ABCB1; MDR1; polymorphism; haplotype; ribosome stalling
Genetic variants of ACE are suspected risk factors in cardiovascular disease, but the alleles responsible for the variations remain unidentified. To search for regulatory polymorphisms, allelic angiotensin I–converting enzyme (ACE) mRNA expression was measured in 65 heart tissues, followed by genotype scanning of the ACE locus. Marked allelic expression imbalance (AEI) detected in five African-American subjects was associated with single-nucleotide polymorphisms (SNPs) (rs7213516, rs7214530, and rs4290) residing in conserved regions 2−3 kb upstream of ACE. Moreover, each of the SNPs affected transcription in reporter gene assays. SNPs rs4290 and rs7213516 were tested for associations with adverse cardiovascular outcomes in hypertensive patients with coronary disease (International Verapamil SR Trandolapril Study Genetic Substudy (INVEST-GENES), n = 1,032). Both SNPs were associated with adverse cardiovascular outcomes, largely attributable to nonfatal myocardial infarction in African Americans, showing an odds ratio of 6.16 (2.43−15.60) (P < 0.0001) for rs7213516. The high allele frequency in African Americans (16%) compared to Hispanics (4%) and Caucasians (<1%) suggests that these alleles contribute to variation between populations in cardiovascular risk and treatment outcomes.
P-glycoprotein (Pgp) is a drug efflux pump that transports natural products, including taxanes and other chemotherapeutic agents, from cells. Several frequent polymorphisms in ATP binding cassette gene B1 (ABCB1) may influence Pgp levels and drug efflux. The purpose of this review was to assess the clinical significance of ABCB1 polymorphisms in oncology.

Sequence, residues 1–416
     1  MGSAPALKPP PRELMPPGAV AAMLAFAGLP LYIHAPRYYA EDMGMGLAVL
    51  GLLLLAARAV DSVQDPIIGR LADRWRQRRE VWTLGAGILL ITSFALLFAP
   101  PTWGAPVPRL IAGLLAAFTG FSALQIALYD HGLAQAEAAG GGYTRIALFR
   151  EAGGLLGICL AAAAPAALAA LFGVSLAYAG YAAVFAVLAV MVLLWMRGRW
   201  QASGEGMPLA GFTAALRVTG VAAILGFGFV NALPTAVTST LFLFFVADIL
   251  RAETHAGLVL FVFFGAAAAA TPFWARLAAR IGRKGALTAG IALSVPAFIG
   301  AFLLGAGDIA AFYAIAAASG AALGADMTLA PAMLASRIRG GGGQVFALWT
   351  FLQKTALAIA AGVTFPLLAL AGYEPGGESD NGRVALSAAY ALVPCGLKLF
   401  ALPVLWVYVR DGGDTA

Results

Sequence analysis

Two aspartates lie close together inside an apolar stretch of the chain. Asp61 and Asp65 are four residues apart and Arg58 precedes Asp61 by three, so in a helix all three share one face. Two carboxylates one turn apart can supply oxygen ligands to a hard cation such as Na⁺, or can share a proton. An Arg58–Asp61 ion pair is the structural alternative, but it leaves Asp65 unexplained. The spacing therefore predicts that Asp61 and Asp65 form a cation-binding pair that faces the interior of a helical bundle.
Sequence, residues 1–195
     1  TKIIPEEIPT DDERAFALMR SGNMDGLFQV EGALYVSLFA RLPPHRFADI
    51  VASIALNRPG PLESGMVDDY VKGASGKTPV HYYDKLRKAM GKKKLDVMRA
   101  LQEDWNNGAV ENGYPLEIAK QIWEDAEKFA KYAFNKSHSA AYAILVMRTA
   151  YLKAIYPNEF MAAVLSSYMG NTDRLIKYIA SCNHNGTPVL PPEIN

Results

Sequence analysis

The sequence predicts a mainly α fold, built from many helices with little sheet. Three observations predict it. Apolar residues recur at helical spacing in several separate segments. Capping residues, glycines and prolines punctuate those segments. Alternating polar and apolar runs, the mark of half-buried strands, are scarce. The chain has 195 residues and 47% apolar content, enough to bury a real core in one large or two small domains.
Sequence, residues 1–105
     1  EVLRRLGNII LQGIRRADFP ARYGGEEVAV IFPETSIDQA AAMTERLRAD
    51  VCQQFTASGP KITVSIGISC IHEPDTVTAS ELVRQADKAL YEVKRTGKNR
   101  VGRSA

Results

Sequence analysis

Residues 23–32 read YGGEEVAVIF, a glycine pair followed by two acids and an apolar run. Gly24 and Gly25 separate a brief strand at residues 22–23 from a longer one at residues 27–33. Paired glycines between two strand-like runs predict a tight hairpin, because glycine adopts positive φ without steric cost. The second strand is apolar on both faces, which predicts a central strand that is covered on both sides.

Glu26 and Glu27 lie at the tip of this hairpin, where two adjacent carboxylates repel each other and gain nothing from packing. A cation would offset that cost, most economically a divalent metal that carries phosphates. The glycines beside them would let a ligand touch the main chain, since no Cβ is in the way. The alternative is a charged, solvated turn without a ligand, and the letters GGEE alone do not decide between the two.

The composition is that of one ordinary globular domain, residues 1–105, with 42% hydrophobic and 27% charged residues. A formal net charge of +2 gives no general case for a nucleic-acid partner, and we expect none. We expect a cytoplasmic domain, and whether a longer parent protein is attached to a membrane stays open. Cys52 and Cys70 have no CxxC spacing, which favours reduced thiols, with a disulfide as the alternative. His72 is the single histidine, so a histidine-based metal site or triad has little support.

Peer-reviewed studies were identified through a search of PubMed/MEDLINE (1990-2008) and the ASCO abstracts (2003-2008) database. Included studies described clinical trials where ABCB1 genotyping was performed in patients with cancer. Search terms included ABCB1, Pgp, docetaxel, paclitaxel, irinotecan, imatinib and anticancer agent. Studies were excluded if the manuscript was not available in English.
The influence of polymorphisms in ABCB1 2677G>T/A, 3435C>T, and 1236C>T and progression-free and overall survival in 309 patients from the Australian Ovarian Cancer Study treated with paclitaxel/carboplatin demonstrated that compared to homozygote GG carriers at 2677, women with the minor T/A alleles were significantly less likely to relapse following treatment. Other trials of ABCB1 genotyping in breast and prostate cancer patients receiving taxanes have shown inconsistent results. Pharmacokinetic studies where ABCB1 was genotyped and patients received irinotecan or imatinib have also shown inconsistent results.
A number of commercially available drugs are substrates for Pgp, and the ABCB1-variant genotypes are frequent and functionally significant, which may have future implications for drug dosing.
The human multi-drug resistance gene (MDR1, ABCB1) codes for P-glycoprotein (P-gp), an important membrane-bound efflux transporter known to confer anti-cancer drug resistance as well as affect the pharmacokinetics of many drugs and xenobiotics. A number of single nucleotide polymorphisms (SNPs) have been identified throughout the ABCB1 gene which may have an effect on P-gp expression levels and function. Haplotype as well as genotype analysis of SNPs is becoming increasingly important in identifying genetic variants underlying susceptibility to human disease. Three SNPs, 1236C>T, 2677G>T, and 3435C>T have been repeatedly shown to predict changes in the function of P-gp. The frequencies with which these polymorphisms exist in a population have also been shown to be ethnically related.
In this study, 95 individuals representative of the entire ethnic make-up of the United States were compared to 101 individuals from an Ashkenazi Jewish population. These individuals were analyzed by genomic sequencing and PCR-RFLP to calculate their genotype frequencies.